David Herdson questions whether minor benefit reform will be enough
When Cameron gave his Bloomberg speech three years ago, kicking off his whole renegotiation policy, he set out a vision of the European Union he believed was fit for the twenty-first century, built on five principles:
1. Competitiveness. In particular, completing the Single Market in services, energy and digital, and â€œaddressing the sclerotic, inefficient decision-makingâ€ and â€œcreating a leaner, less bureaucratic Unionâ€.
2. Flexibility. He mentioned doing away with â€˜ever closer unionâ€™ and ensuring that members outside the Eurozone needed changes to safeguard their interests as a quid pro quo for those within it to develop the institutional power they needed to be able to run the currency.
3. That power must be able to flow back to member states, as promised at Laeken. He specifically mentioned repatriating powers not just to Britain but to all member states in the fields of the environment, social affairs and crime.
4. Democratic accountability and a bigger role for national parliaments.
5. Fairness and in particular that the rules of the Single Market are not skewed to favour Eurozone members.
Itâ€™s a fine vision and one which no doubt the great majority of the British public would sign up to. From the noises coming out of Brussels, itâ€™s a long way distant from whatâ€™s on offer. The right to petition for a temporary exemption from paying equal benefits doesnâ€™t really address the points he spoke about back in 2013. Any of them.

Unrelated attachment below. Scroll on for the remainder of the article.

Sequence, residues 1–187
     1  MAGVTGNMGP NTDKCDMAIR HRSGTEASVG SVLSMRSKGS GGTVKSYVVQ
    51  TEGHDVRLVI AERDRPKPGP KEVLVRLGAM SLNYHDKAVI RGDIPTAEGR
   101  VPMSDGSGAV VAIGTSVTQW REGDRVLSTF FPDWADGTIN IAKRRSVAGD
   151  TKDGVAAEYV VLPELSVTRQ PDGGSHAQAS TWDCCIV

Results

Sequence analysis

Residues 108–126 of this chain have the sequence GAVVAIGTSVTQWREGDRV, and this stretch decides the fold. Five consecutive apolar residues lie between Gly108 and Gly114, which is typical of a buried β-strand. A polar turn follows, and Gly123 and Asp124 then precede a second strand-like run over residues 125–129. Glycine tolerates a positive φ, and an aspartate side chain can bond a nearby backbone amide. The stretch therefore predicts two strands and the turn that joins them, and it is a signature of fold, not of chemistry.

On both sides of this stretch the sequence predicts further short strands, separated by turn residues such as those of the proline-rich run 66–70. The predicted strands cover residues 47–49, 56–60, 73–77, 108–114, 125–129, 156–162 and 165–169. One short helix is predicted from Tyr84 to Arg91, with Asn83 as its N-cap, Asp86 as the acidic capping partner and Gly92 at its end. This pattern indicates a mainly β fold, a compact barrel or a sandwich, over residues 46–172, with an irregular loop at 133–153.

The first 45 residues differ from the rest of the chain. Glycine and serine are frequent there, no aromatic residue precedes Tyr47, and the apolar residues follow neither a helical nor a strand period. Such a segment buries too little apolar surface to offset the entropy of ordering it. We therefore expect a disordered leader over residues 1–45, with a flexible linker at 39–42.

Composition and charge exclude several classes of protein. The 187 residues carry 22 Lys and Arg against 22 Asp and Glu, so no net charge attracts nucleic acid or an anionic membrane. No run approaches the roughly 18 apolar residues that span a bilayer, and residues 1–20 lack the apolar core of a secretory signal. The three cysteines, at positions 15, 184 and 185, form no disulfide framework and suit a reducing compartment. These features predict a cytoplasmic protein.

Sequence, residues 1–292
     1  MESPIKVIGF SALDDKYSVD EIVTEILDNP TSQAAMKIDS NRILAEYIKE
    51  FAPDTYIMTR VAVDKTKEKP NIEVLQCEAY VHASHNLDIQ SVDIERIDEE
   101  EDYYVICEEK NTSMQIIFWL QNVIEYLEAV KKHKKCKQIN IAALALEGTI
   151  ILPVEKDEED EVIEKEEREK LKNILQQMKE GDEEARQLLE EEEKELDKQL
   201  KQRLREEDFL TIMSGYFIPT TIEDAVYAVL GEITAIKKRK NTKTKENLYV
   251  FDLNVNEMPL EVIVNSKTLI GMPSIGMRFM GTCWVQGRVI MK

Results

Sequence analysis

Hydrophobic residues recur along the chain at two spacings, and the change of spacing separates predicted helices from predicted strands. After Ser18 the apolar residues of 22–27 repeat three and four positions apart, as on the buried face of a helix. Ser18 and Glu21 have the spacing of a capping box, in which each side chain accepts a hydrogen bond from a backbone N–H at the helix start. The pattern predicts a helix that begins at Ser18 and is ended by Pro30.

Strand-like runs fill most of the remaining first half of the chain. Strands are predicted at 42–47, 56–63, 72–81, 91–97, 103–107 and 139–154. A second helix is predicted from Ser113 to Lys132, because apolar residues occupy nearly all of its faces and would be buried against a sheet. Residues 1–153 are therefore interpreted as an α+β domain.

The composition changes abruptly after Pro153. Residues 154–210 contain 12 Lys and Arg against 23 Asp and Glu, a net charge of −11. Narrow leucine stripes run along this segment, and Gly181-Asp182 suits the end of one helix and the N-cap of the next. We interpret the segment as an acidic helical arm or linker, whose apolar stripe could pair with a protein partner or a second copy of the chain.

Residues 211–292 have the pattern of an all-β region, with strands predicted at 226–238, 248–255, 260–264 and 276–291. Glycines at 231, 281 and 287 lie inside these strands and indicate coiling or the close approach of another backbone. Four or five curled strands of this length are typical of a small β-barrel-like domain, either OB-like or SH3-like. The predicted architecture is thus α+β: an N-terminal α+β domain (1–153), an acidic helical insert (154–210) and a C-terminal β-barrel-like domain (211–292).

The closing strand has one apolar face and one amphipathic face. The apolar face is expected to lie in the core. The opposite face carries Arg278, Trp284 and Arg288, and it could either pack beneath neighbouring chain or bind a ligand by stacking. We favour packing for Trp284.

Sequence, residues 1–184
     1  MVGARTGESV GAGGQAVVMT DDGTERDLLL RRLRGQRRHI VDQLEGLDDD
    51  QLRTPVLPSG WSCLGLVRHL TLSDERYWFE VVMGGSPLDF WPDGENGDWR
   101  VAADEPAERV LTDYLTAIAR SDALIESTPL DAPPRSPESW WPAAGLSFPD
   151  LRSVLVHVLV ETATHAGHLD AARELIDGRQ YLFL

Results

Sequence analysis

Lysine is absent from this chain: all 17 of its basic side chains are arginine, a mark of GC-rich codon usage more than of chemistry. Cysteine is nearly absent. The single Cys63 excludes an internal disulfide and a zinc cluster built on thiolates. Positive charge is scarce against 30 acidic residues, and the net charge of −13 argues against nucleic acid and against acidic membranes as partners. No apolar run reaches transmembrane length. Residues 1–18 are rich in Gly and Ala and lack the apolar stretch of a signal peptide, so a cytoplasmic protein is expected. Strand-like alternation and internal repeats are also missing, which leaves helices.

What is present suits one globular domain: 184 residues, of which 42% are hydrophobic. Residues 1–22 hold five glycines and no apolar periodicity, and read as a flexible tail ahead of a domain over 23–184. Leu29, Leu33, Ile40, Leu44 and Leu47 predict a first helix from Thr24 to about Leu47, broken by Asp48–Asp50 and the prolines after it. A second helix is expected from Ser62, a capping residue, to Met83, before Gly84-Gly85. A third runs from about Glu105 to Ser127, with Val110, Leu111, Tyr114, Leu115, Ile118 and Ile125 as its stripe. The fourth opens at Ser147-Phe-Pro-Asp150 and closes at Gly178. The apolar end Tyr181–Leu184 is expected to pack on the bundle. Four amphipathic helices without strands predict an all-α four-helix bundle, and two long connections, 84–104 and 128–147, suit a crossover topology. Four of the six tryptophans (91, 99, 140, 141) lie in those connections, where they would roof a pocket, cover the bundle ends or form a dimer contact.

To be fair, Angela Merkel has provided the European Union with good reason to put something else on the agenda for the February summit and getting some kind of workable solution to the migrant crisis and the consequent near-collapse of Schengen is more pressing. However that doesnâ€™t address the EUâ€™s complete reluctance to engage on any of Cameronâ€™s points. Even if a new treaty isnâ€™t in the offing â€“ and it quite clearly isnâ€™t â€“ he ought to be pushing for the Council to support the principles he laid out. After all, itâ€™s not as if theyâ€™re a threat to any of the other members; on the contrary.
The British media always viewed Cameronâ€™s initiative parochially, through the Thatcherite lens of â€˜winning back powersâ€™, when any reading of his speech shows that his vision was far bigger than that. Itâ€™s therefore ironic that his failure to gain any sort of traction with his big ideas has reduced him to play exactly the sort of game the media believed he was playing in the first place.
But what he does look likely to come back with, whether in February or June, looks like being thin gruel indeed. The question is whether itâ€™s saleable in a referendum? At the moment, Cameron quite clearly thinks not given his rejection of the â€˜emergency brakeâ€™ offer. But even if he â€“ and the pressure put on the other EU leaders by polling in the UK â€“ can extract a bit more, is that the basis on which to ground membership for the next twenty years or so?
My prediction is that whatever Cameron comes back with will actually have very little impact one way or the other. There will be no metaphorical waving of pieces of paper and the campaign will be won and lost on almost exactly the same issues that it would have been had there been no negotiation at all, and by which politicians are advocating which position.
And on that score, it comes down to whether the EU can mismanage the migrant crisis so badly that it overcomes the multiple failings of the multiple Leave campaigns.